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Old 03-31-2010, 07:32 AM
 
206 posts, read 316,171 times
Reputation: 49

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Does anyone know of any subdivisions that have a reputation for poorly built homes? While looking at homes on line, it seemed like certain subdivisions had a high turnover rate. Don't know if the reason is foreclosures, or if there is a problem with the homes. I'm talking about mainly in the south and east parts of Louisville. Maybe there is no problem at all and there are more sales in newer areas. Any input on this? I'm kinda leery of newer homes because some of them just don't seem very well 'thought out'.
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Old 03-31-2010, 09:34 AM
 
Location: Mt. Washington, KY
171 posts, read 354,227 times
Reputation: 43
Yes. There are some that are more poorly constructed than others BUT as far as I've heard (rumors or facts supporting) they have not skirted building codes. In other words, they meet code but quality is about more than meeting code. Problems I've seen: inferior flooring such as cheap carpeting & vinyl, cheap paint, and an over-all cheap feeling from cutting as many corners (albeit legally) as possibly. After five years these houses often look like s**t on the inside. Especially if children lived in them. Cheap paint doesn't wipe clean, cheap carpet develops wear patterns quickly (& stains easily), and cheap vinyl rips & burns, etc.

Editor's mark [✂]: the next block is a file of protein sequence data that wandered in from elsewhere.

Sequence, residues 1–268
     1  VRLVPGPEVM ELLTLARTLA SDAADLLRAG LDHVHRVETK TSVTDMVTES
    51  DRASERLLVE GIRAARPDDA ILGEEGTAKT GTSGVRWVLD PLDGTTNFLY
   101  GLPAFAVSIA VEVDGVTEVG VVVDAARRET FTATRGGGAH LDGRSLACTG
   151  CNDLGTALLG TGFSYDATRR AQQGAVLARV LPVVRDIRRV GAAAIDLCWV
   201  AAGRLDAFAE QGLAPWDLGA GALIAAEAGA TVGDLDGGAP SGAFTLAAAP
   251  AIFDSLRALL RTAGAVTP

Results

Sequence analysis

The high turn over rate in some of these developments often has to do with "special" financing that was offered to buyers. It means "we are going to sell you this house at way more than it's worth but we'll get you the loan to make it work" which usually means doing "credit repair" to help buyers qualify. It's an ugly practice that is mostly legal but unethical.

I'm always hesitant to sell a client a house in one of these developments so I explain it about as plainly as I have here but I'll show them sales data to support what I'm telling them.

Here's a caveat. You can actually find some great deals in these subdivisions but the key is to buy them right. Eventually these developments stabilize at a new price level, usually significantly below were it sold new, and start to appreciate with the rest of the market (in general). If the location is good it can be a logical solution to meet someones housing needs.

Last edited by bbkennedy; 03-31-2010 at 09:47 AM..
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Old 03-31-2010, 10:40 AM
 
206 posts, read 316,171 times
Reputation: 49
Thanks, but can you name names of the 'built to code' not quality subdivisions?
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Old 03-31-2010, 11:29 AM
 
Location: Mt. Washington, KY
171 posts, read 354,227 times
Reputation: 43
I'm opposed to name names on a public forum. It's something an agent can help you work through but you have good instincts. Don't be afraid to use them. If you see a high turnover or a lot of inventory in a particular subdivision you need to pay attention. You'd make a good real estate pro.
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